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We have a phrase in our language whose rough translation is

Only a jeweler can distinguish a diamond.

Basically it is a complement to both parties, mentor and protege. For e.g. I was a nobody in India, but really popular in US. So, in this example, US is a jeweler and I am a diamond(only is US).

Can somebody recommend an equivalent idiomatic phrase/proverb?

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    Although not proverbial in English, the meaning of the Hindi proverb seems clear, so consider just using it translated. You might add "as we say in India"
    – James K
    Commented May 10 at 6:15
  • So the proverb is always used in situations where the meaning is that a person is underappreciated at home because people in the person's own homeland do not recognize the person's merits? Or is that merely incidental in your example? The reason I ask is because of the proverb No man is a prophet in his own land.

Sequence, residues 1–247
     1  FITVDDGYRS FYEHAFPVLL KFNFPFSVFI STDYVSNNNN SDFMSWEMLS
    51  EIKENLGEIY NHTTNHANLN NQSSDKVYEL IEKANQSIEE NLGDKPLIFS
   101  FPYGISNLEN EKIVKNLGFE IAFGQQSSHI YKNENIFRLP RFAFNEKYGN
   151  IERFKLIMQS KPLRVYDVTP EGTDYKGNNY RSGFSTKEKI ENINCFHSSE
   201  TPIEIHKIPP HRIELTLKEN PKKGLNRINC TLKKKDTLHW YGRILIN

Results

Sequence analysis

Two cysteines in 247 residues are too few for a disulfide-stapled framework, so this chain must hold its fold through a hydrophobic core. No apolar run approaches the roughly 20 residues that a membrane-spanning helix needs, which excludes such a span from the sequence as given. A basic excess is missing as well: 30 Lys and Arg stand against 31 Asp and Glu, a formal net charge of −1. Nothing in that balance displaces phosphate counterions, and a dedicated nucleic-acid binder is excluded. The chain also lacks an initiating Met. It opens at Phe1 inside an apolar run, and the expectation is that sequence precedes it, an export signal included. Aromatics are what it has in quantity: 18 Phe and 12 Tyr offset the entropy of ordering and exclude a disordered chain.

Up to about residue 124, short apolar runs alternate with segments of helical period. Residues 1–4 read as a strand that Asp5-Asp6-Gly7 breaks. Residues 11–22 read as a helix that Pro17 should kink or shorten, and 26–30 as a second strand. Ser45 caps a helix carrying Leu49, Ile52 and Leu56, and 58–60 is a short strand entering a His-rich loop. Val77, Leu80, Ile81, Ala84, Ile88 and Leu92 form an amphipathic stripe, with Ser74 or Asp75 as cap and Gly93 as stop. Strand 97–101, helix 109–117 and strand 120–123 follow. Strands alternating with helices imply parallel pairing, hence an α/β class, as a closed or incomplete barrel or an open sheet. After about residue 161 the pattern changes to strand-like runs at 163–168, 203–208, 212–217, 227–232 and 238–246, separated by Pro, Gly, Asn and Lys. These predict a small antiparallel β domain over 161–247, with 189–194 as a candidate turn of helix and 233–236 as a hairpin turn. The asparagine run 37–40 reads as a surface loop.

– TimR
    Commented May 10 at 15:34
  • @TimR I am more trying to complement US and criticize India. Your suggestion does not fit, I think, because US is good at identifying talent both local and foreign.(hence jeweler)
    – Max
    Commented May 10 at 16:49

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As far as I am aware, there is not an equivalent common idiom/proverb. Of course, proverbs are often regionally and culturally specific, so there may be one that I am not familiar with.

The closest idiom that I can think of is Diamond in the rough which literally refers to a gemstone that has not yet been removed from the useless and ugly rock around it, and figuratively means "a person or item that has hidden beauty or usefulness." However, to be called a diamond in the rough is a mild insult at best.

As noted in the comments, your translated meaning is clear, and you would probably be understood if you just continued using that.

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